Proper training can lower risks of hospital-acquired infections
Healthcare facilities have constant activity due to contractor employees performing necessary work. This includes elevator technicians, painters, flooring contractors, plumbers, electricians and more, all without functional knowledge of how their work can negatively affect an immune-compromised patient. More than 50 percent of all Aspergillus, spp.-related hospital-acquired infections (HAIs), are contracted due to common molds attached to dust particles caused by maintenance or construction-related work.
In an effort to reduce the overwhelming number of HAIs that occur annually, the Centers for Disease Control and Prevention recommends that all personnel working in a healthcare facility have infection-control training. The Centers for Medicare & Medicaid Services even cites hospitals for not training everyone who works in the hospital.[More:]
Current impact of HAIs
An alarming 5 percent of all hospital stays result in readmissions due to infections that patients acquire in the healthcare facility. HAIs are widely seen as preventable and often caused by hospital conditions or human error. Each year, HAIs are costing healthcare facilities more than $30 billion and are, more importantly, claiming 99,000 lives or 271 deaths each day. To reduce the risk of HAIs, which are now claiming more lives annually than AIDs, breast cancer and car accidents combined, all contractor employees and hospital employees must have infection control training.
Meeting the requirements
The manner in which most contractors and hospitals attempt to meet these requirements and improve quality are fraught with challenges.
- Employees are busy, and it is hard to pull them away from the job site for training.
- The quality of the training is variable.
- Many facilities fail to document competency.
- It is difficult to train all employees during all shifts.
- Hospitals may train one group of workers and have different people show up at the work site.
- Hospitals may train employees in a specific area and the have workers float from other units.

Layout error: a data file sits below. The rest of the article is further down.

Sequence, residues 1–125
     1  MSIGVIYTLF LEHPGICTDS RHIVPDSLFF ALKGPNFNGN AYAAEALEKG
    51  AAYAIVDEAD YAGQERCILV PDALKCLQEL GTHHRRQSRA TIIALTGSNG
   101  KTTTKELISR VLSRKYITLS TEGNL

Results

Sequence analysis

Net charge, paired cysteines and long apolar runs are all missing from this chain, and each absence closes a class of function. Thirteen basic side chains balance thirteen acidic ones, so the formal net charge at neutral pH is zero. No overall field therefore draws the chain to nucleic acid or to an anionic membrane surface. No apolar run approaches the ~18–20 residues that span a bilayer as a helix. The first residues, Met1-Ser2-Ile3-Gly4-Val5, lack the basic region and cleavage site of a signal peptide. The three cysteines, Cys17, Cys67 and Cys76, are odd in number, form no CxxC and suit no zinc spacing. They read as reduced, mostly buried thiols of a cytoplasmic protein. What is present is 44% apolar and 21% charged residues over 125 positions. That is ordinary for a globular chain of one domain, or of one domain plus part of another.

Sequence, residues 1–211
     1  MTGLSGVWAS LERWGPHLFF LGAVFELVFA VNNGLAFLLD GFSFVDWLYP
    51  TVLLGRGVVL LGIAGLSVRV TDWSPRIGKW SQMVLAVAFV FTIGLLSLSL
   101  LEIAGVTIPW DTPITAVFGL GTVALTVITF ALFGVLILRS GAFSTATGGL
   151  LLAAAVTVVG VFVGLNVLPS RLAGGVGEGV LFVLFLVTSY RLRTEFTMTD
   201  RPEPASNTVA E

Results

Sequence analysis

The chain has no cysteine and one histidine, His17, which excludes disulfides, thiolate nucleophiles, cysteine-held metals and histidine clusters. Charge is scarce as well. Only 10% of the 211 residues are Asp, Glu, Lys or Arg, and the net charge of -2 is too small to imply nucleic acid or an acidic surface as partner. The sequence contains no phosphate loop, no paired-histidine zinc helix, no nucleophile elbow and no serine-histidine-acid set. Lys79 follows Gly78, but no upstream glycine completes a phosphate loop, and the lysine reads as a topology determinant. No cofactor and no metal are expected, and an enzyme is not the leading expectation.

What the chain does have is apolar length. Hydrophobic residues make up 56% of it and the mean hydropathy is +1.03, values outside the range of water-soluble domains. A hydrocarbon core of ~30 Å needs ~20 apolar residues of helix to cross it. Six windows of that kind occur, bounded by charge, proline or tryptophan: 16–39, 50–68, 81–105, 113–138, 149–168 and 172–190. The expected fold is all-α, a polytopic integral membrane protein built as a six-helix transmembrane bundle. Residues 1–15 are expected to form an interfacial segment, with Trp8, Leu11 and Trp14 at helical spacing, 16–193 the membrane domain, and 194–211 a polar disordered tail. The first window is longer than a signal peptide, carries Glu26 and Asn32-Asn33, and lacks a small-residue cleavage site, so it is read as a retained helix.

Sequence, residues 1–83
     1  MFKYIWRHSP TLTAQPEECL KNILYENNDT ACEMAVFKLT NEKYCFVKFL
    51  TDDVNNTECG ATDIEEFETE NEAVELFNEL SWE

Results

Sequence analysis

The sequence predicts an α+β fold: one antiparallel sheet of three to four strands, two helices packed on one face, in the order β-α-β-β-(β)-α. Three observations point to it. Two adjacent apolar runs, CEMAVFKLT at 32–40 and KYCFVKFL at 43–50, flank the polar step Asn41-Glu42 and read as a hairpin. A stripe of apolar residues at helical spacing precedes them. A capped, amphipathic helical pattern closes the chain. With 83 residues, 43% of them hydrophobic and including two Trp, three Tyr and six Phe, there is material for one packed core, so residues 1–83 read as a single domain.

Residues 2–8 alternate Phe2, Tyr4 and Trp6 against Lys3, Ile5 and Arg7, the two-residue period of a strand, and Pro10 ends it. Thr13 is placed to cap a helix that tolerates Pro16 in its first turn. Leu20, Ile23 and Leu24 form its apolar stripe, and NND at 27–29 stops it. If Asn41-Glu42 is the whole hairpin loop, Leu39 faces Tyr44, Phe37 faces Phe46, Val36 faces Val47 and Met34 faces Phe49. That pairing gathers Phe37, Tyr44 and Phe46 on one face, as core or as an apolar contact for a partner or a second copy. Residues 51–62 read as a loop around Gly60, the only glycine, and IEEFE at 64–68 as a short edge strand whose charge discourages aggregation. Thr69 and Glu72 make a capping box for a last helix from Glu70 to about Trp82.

- Live training with infection control personnel is time-consuming and expensive.
Imagine the following scenario in your facility
Contractor employees are working near a radiology suite without proper barriers and engineering controls. As they work, they disrupt a debris cart-cover made of fabric that has not been cleaned in more than a month. The bacteria and fungi that had been carried on the cover now travel through the air and attach to medical instruments, lab coats and other items that will come into contact with patients throughout the hospital. Although the contractors were following protocol, they did not know how infections are spread and consequently did not take the necessary precautions to protect patients. Even the smallest amount of migrating dust can severely harm patients, especially those who have weakened immune systems, and result in the development of an HAI or even death.
Checklist of best-practice training protocols
Now that we have reviewed the impact of the quality problem and the challenges to provide effective training to mitigate risk, what are the characteristics of a best practice training process?
- E-learning video modules increase information retention by up to 60 percent.
- Post tests document competency as a result of the training.
- E-learning allows training to be available 24/7 to cover all shifts, new employees, etc.
- Use of “cloud” storage allows for readily available documentation of training and competency.
- Cloud-based video training allows for a consistent training message to be delivered to each participant.
- Cloud-based e-learning programs are generally contractor paid and then made available to hospital employees at no charge.
- Look for a company willing to provide grants to the hospital to support initiatives to reduce HAIs.
Quality tied to finances
It has always been the right thing to do to operate our facilities in the highest quality fashion. The importance of reducing HAIs and lowering readmission rates is heightened because of the reimbursement changes that are part of healthcare reform. Poor quality now results in lower reimbursements and penalties. Following best-practice training protocols will help mitigate the risk of quality issues and provide a safer, more cost effective environment for those we serve.
Kevin L. Shrake ([email protected]) is a 35-year veteran of healthcare, a board-certified fellow in the American College of Healthcare Executives and a former hospital CEO. He currently serves as the executive vice president/chief operating officer of MDR, based in Fresno, California.